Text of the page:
Under the Illinois day labor act, considered one of the nation’s strongest such laws, the workers have the right to see what Reliable Staffing billed Schneider for their work, and what it paid them. If the hours and/or piece rates reported to Schneider and reported to the workers themselves don’t add up, it could show Reliable Staffing was intentionally not paying workers for their labor.

The plaintiffs think that was standard practice at the company.

“The lady looked me in the face and said I have no recollection of you working,” said Hines, 37. “I got vulgar comments, a snazzy attitude from them. And I was breaking my back for peanuts, or to not even be paid at all.”

The lawsuit alleges violations of the aforementioned Illinois Day and Temporary Labor Services Act, along with the Fair Labor Standards Act, the Illinois Minimum Wage Law and the Illinois Wage Payment and Collection Act. Allegations include unpaid overtime, failure to pay state and federal minimum wage and failure to pay at least four hours’ wages when workers were called in to work, as mandated by the day labor services act.

The lawsuit says that plaintiffs who worked for Reliable Staffing from 2006 on were promised $10 an hour, plus a piece rate for unloading trucks, including a higher “premium” piece rate for heavier goods. It alleges they were not paid the piece rate as promised, and that in fact workers were often paid less than state and federal minimum wage along with not being paying overtime.

Hines said that at the rate promised, his paychecks for working often from 6 a.m. to 6 p.m. should have been at least $300 a week – not counting overtime, which he also should have been due. But he was usually paid $239.

The suit also alleges workers were not paid for mandatory waiting time, adding up to multiple hours per week. It says that when one defendant wrote his arrival time on a sign-in sheet, a supervisor actually tore the sheet up.

“Reliable Staffing actually did not keep track of people’s hours,” said attorney Chris Williams. “That’s illegal. Even if you are paying a piece rate, under federal law you need to show that adds up to at least minimum wage.”

And the suit alleges Reliable Staffing violated state laws by failing to provide workers with documentation of where and for which third party they would be working, the nature of the work and how much they would be paid. The suit basically alleges that workers were paid the $10 piece rate only – often divided between two or three workers, workers say – and then the employer simply made up the number of hours the worker supposedly worked by dividing the piece rate by 10.

“The check stub is a fiction—their check stub could show they worked 36 hours when they really worked 72 hours,” said Williams. That’s why, Williams said, it’s so important the workers are able to demand their billing records under the state day labor services act.

“The workers are supposed to be able to go into the office and get this information themselves,” Williams said. “But unfortunately the law isn’t working. That’s why we had to take this to federal court.”

The suit says:

In fact, Defendants Reliable and Gallagher provided Plaintiffs and similarly situated laborers with check stubs that contained false information, showing the final gross compensation to the laborer divided by $10.00, thereby showing a number of hours worked on the check stub that bears no relationship to the actual number of hours worked…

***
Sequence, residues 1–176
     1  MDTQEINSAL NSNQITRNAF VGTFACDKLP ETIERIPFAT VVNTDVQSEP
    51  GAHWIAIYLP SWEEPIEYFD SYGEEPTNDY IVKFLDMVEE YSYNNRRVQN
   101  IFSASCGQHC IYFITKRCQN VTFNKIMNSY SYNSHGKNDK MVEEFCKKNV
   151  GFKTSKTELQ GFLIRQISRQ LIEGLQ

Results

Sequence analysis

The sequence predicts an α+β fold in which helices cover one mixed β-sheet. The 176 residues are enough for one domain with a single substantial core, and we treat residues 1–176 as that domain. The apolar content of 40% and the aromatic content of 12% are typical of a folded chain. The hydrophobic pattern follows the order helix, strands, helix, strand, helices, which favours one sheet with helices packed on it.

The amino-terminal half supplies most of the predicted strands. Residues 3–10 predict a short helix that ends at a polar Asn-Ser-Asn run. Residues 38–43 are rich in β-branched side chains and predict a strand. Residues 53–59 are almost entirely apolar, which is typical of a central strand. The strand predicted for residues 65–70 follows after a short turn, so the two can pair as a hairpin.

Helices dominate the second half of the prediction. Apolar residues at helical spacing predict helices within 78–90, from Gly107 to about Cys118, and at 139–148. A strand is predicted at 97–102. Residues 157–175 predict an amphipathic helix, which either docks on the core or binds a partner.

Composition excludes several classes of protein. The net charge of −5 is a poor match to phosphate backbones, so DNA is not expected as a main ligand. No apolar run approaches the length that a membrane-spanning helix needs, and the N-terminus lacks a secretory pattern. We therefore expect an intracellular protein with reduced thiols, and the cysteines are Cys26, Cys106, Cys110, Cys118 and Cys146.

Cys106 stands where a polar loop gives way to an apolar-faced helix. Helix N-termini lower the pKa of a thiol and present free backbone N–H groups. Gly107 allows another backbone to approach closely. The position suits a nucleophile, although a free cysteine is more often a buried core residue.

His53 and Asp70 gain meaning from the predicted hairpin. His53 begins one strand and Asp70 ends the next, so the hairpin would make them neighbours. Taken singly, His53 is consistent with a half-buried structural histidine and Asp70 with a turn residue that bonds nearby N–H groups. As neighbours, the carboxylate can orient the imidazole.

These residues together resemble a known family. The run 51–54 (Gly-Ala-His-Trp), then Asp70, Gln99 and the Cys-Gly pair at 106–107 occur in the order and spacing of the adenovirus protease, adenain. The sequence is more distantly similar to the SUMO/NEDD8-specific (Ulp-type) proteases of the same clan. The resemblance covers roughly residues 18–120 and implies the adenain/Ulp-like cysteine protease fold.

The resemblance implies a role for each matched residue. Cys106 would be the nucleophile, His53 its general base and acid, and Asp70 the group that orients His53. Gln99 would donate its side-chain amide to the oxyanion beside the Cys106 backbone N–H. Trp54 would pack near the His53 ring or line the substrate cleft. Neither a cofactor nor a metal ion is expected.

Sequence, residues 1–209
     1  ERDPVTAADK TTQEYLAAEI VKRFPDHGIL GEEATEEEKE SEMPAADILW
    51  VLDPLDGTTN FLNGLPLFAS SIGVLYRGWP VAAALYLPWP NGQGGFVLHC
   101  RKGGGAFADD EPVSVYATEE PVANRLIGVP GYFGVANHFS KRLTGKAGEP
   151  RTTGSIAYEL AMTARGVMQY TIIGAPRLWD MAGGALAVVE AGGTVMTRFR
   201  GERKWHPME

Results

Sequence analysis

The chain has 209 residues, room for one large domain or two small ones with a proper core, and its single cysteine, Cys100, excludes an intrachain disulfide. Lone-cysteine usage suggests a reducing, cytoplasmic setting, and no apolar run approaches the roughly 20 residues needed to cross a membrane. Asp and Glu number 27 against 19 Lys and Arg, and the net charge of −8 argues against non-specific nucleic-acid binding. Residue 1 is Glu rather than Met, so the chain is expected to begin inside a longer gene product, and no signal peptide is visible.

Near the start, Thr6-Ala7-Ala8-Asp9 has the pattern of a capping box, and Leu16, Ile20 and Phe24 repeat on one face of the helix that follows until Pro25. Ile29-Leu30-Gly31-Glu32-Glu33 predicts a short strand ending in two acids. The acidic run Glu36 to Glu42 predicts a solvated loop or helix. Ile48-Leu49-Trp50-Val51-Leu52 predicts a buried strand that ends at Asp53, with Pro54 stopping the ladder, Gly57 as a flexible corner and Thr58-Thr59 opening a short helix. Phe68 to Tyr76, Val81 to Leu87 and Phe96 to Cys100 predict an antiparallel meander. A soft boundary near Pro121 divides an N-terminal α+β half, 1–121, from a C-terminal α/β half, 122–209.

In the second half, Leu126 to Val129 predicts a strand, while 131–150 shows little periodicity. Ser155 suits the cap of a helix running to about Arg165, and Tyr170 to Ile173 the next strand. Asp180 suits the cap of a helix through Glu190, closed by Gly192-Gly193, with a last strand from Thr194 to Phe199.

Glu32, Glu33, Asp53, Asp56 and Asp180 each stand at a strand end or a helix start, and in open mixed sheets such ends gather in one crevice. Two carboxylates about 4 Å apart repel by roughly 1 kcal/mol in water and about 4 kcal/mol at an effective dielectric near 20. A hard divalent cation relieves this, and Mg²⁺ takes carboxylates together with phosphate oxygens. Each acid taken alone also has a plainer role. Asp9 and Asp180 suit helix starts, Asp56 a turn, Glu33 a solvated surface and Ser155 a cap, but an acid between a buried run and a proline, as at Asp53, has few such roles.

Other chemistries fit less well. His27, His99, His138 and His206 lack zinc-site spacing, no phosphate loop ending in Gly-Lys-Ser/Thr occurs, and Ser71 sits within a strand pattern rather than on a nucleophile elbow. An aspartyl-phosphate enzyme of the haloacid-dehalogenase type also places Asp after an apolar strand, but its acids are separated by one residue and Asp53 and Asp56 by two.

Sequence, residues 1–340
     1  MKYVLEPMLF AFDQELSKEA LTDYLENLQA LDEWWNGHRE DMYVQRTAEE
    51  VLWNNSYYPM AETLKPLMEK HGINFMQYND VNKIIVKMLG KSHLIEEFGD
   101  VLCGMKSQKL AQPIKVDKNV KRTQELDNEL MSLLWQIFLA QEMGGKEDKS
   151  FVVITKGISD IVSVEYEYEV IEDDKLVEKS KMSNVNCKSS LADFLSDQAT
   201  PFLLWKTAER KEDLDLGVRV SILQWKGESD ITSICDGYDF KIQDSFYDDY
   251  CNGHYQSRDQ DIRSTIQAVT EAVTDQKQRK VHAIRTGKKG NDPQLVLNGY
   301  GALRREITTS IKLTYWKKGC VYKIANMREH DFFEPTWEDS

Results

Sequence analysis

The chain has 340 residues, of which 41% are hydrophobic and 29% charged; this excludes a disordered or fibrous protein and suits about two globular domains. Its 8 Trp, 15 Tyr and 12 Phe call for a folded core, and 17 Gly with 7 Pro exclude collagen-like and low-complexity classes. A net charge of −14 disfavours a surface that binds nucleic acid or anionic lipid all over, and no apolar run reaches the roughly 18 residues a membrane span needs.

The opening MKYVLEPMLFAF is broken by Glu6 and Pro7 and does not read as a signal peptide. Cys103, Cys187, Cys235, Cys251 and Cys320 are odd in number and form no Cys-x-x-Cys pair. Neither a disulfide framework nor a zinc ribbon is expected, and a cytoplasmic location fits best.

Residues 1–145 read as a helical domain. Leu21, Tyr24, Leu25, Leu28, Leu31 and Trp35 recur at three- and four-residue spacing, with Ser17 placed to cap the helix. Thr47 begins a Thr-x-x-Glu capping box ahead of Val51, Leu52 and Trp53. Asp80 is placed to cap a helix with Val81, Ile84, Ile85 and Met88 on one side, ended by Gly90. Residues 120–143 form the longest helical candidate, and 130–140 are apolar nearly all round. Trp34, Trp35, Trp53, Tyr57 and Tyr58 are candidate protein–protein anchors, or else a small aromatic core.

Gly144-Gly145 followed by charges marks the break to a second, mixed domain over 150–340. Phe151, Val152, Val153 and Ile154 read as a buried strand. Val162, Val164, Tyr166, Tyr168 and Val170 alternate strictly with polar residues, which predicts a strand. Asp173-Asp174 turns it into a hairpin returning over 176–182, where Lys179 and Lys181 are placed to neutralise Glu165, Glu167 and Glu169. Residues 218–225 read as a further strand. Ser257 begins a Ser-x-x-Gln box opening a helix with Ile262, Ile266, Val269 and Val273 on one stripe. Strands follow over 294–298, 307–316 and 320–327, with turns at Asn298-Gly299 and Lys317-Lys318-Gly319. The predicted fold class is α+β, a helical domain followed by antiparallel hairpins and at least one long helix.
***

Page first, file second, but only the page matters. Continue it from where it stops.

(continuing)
Rather than provide Plaintiffs and the Class with the actual hours worked, Defendants Reliable and Gallagher provided Plaintiffs and the Class with a fictional number of hours worked and a fictional pay rate as described in paragraph.

The lawsuit adds that failing to provide workers documentation of their employment terms makes it easier for employers to cheat workers, saying:

The Illinois legislature found that such at-risk workers are particularly vulnerable to abuse of their labor rights, including unpaid wages, failure to pay for all hours worked, minimum wage and overtime violations, and unlawful deduction from pay for meals, transportation, equipment and other items.

The workers’ want unpaid wages, going back up to three years. The lawsuit also asks for statutory damages on some counts, attorneys’ fees, and that the company be blocked from violating these laws in the future. The suit notes that under the day labor services act, third party companies like Schneider that hire staffing companies are liable and legally responsible for any unpaid wages by the staffing company.

Depending on how the law is interpreted, it’s possible Wal-Mart itself could be liable.

“Hopefully this lawsuit will trickle down and help not just us but other people,” said Hines. “Maybe they’ll wake up and see that they have to treat people fairly if they want to get more out of us. Now they’re sitting there high on the hog, eating nice food, while we’re on the dollar menu at McDonald’s.”

This blog originally was posted on http://www.inthesetimes.com/on February 28, 2011. Reprinted with Permission.

About the Author: Kari Lydersen, an In These Times contributing editor, is a Chicago-based journalist whose works has appeared in The New York Times, the Washington Post, the Chicago Reader and The Progressive, among other publications. Her most recent book is Revolt on Goose Island. In 2011, she was awarded a Studs Terkel Community Media Award for her work. She can be reached at kari.lydersen@gmail.com.